Oral sodium phosphate (OSP), an effective bowel purgative, is available over the counter (OTC) and requires a substantially lower volume than polyethylene glycol-based preparative agents. Rarely, OSP consumption has been associated with acute hypocalcemia and hyperphosphatemia. We describe a case of chronic kidney disease patient developing symptomatic hypocalcemia following OTC OSP.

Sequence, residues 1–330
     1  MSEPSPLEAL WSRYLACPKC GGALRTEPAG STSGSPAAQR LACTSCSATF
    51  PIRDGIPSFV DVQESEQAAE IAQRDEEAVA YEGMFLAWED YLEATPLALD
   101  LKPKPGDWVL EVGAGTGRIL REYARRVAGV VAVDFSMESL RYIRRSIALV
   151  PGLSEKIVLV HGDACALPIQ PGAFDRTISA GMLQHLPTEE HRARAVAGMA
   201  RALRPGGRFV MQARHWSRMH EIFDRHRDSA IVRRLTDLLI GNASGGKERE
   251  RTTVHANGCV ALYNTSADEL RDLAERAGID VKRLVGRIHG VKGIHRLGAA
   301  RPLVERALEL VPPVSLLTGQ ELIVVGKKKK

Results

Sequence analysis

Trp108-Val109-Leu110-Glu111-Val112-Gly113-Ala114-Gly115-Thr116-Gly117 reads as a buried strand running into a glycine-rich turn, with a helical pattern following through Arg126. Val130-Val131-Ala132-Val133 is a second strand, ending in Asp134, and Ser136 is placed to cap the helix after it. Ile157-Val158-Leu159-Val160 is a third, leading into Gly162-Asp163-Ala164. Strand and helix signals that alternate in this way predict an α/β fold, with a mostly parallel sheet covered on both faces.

Increasing interest in vascular pseudo-ossification has alarmed the modern atherosclerotic society. High phosphate is one of the key factors in vascular pseudo ossification, also known as vascular calcification. The active process of deposition of the phosphate crystals in vascular tissues results in arterial stiffness. High phosphate condition is mainly observed in chronic kidney disease patients. However, prolonged exposure with high phosphate enriched foods such as canned drinks, dietary foods, etc. can be considered as modifiable risk factors for vascular complication in a population regardless of chronic kidney disease. High intake of vitamin K regulates the vascular calcification by exerting its anti-calcification effect. The changes in serum phosphate and vitamin K levels in a normal individual with high phosphate intake are not well investigated. This review summarised the underlying mechanisms of high phosphate induced vascular pseudo ossification such as vascular transdifferentiation, vascular apoptosis and phosphate uptake by sodium-dependent co-transporters. Pubmed, Science Direct, Scopus, ISI Web of Knowledge and Google Scholar were searched using the terms 'vitamin K', 'vascular calcification, 'phosphate', 'transdifferentiation' and 'vascular pseudoossification'. Vitamin K certainly activates the matrix GIA protein and inhibits vascular transition and apoptosis in vascular pseudo-ossification. The present view highlighted the possible therapeutic linkage between vitamin K and the disease. Understanding the role of vitamin K will be considered as potent prophylaxis agent against the vascular disease in near future.